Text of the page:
Ken Forkish, Ken's Artisan Pizza
Posted 17 April 2006 - 12:02 PM
Ken Forkish opened Ken's Artisan Bakery in November, 2001 following a career in high tech. Ken trained at the San Francisco Baking Institute, the National Baking Center, CIA Greystone, Toscana Saporita in Tuscany, and the Paul Bocuse Institute in France.
His bakery is known for organic rustic breads, classic Parisian baguettes, croissants, brioche and pastry reminiscent of Paris' best boulangeries and patisseries. The bakery's croissants are frequently referred to by well-traveled foodies as the best in the U.S. and as good as any in Paris. Ken buys produce directly from Northwest growers and features local, in-season produce. Ken's Artisan Bakery has introduced Portland to many regional French pastries not commonly found elsewhere such as their popular Canneles. Ken's bakery is also a café, serving coffee, Mariage Freres teas, savory tarts, quiche, soups, sandwiches, and Northwest beer and wines.
Visiting chefs have included Andre Soltner, Jacques Pepin and Alice Waters.
Many of Portland's finest restaurants serve Ken's bread: including Paley's Place, Higgins, clarklewis, Fenouil, VQ, Tabla, Gotham Tavern, Carafe, Navarre, Fife, Serratto, Park Kitchen, Lucy's Table, and Tuscany Grill.
Ken's Artisan Bakery has been featured in Gourmet Magazine's Best Restaurants in America (October, 2003), Bon Appetit Magazine (July, 2003 & Sept 2005), The Oregonian, Northwest Palate (Ken's Tart Normande was pictured on the cover of the January 2003 issue), and Willamette Week. Ken was one of ten chefs featured in a special feature in The Oregonian titled "The Next Wave, Portland Chefs Who Are Changing the Local Dining Scene." Ken was also featured on The Food Network's program Recipe for Success!
Monday Night Pizza began at the bakery in April, 2005, featuring Italian styled pizzas baked in the bakery's 18,000 lb bread oven. The popular success of Monday Night Pizza has led to a new venture, Ken's Artisan Pizza, opening in Summer, 2006 at 304 SE 28th Ave.
Ken's Artisan Pizza
Ken's Artisan Pizza, at 304 SE 28th Ave (corner of SE 28th & Pine) will open in Summer 2006. Target is near the end of June. The pizzeria will feature a wood-fired oven, a bar with good beers on tap, a quality wine list with lots of good value wines, house-made ice cream and rustic desserts baked in the wood oven. Expect about 6 composed pizzas on the menu, a Caesar salad, and a seasonal salad. The menu offerings won't be much different from the menu we have at Monday Night Pizza. The biggest change to the menu will be a greater selection of beverages. We will be open Tuesday - Saturday at 5pm.
We will have seating for about 40 plus bar and outside tables. The building's open ceiling has massive old growth timber beams, and for the bar and tables we were fantastically lucky to get recovered wood from the old Big Dipper roller coaster (Jantzen Beach), one of the great wooden roller coasters of the west coast in its day. This wood is from trees that were a few hundred years old. You just can't buy that. As the bar and tables are being finished, The Big Dipper is looking very cool.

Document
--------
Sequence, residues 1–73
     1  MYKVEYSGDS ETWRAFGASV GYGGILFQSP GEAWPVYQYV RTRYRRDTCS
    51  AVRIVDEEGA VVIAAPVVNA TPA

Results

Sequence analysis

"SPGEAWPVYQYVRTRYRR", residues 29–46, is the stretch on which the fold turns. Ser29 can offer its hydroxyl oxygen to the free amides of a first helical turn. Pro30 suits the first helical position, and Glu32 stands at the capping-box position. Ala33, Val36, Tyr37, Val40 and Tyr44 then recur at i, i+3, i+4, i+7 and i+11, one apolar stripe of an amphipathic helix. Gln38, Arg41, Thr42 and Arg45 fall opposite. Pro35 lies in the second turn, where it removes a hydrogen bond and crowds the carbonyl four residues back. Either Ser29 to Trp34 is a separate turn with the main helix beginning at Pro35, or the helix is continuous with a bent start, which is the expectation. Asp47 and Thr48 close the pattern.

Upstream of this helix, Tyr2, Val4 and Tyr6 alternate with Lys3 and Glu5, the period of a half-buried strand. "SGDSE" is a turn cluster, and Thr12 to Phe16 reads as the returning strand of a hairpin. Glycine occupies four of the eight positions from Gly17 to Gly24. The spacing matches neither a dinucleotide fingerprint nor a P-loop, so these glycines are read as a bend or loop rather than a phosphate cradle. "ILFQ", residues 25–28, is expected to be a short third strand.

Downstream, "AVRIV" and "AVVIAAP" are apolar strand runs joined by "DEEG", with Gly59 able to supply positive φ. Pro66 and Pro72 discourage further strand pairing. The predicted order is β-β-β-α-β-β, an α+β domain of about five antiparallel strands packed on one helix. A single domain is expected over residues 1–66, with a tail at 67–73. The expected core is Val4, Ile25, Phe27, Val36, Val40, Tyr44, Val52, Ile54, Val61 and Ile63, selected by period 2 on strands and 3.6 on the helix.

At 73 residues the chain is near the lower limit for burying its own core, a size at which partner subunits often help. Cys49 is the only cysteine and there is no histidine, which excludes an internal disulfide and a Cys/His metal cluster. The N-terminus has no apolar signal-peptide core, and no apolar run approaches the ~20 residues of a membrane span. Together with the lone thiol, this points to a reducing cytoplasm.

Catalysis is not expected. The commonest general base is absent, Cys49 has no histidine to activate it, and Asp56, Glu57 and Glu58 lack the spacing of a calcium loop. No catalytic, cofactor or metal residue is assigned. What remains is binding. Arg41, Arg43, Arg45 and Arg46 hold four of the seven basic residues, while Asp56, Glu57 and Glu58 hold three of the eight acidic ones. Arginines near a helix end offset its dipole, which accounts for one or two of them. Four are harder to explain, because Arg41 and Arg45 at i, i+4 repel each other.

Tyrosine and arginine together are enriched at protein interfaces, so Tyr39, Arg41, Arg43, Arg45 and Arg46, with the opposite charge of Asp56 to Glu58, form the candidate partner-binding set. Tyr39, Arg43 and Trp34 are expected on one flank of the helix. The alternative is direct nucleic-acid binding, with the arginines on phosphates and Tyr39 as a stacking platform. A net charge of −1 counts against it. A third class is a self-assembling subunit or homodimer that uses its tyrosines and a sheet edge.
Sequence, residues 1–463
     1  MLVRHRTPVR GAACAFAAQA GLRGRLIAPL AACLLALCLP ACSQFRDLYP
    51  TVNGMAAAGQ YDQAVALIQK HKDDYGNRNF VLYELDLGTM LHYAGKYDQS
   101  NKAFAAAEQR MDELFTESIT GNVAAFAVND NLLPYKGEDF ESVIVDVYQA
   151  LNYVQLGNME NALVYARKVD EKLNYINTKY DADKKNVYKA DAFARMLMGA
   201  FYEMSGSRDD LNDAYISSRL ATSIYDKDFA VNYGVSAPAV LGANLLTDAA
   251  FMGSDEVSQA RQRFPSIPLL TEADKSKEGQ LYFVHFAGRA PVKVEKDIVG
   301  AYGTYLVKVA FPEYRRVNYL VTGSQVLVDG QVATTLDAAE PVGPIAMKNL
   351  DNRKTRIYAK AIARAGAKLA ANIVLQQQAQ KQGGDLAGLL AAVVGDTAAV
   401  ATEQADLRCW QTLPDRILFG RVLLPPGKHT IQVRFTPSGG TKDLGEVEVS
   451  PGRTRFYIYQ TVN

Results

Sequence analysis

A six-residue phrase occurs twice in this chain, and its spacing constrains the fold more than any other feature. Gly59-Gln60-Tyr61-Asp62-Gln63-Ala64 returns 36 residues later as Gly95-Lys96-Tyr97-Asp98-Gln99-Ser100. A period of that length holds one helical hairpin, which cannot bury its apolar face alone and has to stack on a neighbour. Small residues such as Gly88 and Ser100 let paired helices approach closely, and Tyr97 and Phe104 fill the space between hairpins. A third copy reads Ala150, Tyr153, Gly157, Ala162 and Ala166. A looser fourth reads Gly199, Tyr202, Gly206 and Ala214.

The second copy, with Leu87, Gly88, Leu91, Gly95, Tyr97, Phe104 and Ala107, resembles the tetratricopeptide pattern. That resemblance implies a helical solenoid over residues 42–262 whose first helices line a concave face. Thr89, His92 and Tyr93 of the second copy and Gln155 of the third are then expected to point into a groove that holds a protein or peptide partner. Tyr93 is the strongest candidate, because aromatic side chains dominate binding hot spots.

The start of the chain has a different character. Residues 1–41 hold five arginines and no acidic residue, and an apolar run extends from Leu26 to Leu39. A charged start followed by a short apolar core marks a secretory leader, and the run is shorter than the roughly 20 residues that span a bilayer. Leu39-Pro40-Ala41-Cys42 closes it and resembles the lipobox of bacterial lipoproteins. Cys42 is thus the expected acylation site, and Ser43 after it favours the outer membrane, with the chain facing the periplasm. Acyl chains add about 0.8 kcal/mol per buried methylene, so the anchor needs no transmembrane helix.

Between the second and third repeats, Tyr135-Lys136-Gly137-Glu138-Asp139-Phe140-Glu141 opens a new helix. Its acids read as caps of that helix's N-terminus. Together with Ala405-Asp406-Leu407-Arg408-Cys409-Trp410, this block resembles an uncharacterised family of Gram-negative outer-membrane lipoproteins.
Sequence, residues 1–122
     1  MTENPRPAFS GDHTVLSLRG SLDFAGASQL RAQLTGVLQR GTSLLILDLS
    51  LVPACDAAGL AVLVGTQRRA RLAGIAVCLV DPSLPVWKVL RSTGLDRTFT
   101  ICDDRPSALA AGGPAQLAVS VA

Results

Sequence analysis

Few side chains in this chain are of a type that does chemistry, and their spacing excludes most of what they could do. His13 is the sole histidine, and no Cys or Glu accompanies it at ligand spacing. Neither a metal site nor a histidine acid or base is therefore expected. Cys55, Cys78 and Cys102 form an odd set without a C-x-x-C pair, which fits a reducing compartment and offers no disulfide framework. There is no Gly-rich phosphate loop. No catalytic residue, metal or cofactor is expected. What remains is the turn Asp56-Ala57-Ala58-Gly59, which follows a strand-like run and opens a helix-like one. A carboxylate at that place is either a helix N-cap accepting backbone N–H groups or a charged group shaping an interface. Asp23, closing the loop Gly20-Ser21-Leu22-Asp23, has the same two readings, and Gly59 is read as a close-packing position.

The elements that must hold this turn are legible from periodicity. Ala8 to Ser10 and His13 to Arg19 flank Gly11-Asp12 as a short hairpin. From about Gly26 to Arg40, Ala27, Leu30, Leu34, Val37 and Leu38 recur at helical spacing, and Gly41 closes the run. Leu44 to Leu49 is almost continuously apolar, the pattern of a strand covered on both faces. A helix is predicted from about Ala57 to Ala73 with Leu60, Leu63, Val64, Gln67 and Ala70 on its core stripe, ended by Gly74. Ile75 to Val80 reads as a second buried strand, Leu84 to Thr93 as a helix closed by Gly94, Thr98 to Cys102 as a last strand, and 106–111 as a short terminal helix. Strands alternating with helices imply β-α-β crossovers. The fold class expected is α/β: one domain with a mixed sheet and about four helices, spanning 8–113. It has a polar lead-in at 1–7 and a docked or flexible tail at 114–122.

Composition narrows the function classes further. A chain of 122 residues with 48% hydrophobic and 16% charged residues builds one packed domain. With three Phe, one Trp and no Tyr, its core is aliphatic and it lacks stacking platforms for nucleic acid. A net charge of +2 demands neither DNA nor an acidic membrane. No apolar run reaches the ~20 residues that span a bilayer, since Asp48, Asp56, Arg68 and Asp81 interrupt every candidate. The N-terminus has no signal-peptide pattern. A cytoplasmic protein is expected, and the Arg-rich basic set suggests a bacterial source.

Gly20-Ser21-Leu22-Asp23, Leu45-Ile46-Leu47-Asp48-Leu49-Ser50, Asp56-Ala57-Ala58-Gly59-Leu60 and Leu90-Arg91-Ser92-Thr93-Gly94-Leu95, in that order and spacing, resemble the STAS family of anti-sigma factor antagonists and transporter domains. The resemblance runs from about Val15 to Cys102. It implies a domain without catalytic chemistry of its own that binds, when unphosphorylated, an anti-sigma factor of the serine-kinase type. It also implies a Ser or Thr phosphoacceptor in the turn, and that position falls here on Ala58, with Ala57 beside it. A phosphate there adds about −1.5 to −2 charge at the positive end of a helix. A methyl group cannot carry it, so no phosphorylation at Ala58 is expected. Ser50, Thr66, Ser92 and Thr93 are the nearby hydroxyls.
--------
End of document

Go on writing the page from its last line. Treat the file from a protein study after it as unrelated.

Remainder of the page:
The pizzas will bake differently in the wood-fired oven than they do in the bread oven. The maximum temperature I can take the bread oven to without doing damage, is about 530F. The pizza oven will probably have a floor and dome temperature in the low to mid 700s. We will get used to it, and adjust over time. The pizzas will bake faster and will have greater oven spring than they do in the bread oven, resulting in a higher rim with lighter texture. As far as taste goes there should be a hint of wood smoke in the flavor of the crust. So, I like the pizzas we are baking on NW 21st Ave very much, but I think it will be a superior pie at the pizzeria.
Even though we are now experienced pizza bakers, there will be a progression that will go on for several months at the new place, as we learn the characteristics of the oven, ideal temperatures and bake times, how to manage several pies baking very quickly at once, etc. So I think it's fair to expect to see an evolution in our pies over time. Since we will be open 5 nights a week, we will have the same staff every night, so there should not be much fluctuation in the pizzas from one night to the next.
My ideal pizza offers a perfect balance between the crust, sauce and cheese, with no one component overwhelming the others. And when the bottom is perfectly baked, so is the top at the exact same point in time. It's about as simple as that. I want a thin, crisp crust and rim about as big around as my thumb. Important to point out that we are not trying to replicate some ideal pie we had in Italy or New York. We're just trying to make a good pizza that we really like and that pleases our customers.
I also want it known that Alan Maniscalco will be running the pizza kitchen and will be a partner in the business. Alan is my head baker, and I wouldn't be able to do this project without him. Alan and I have collaborated on the pizza, and it's as much his pie as it is mine.
The greatest service chemistry has rendered to alimentary science, is the discovery of osmazome, or rather the determination of what it was. ~Brillat-Savarin
Nick Zukin, Mi Mero Mole
Co-Author, Artisan Jewish Deli at Home
Formerly, Kenny & Zuke's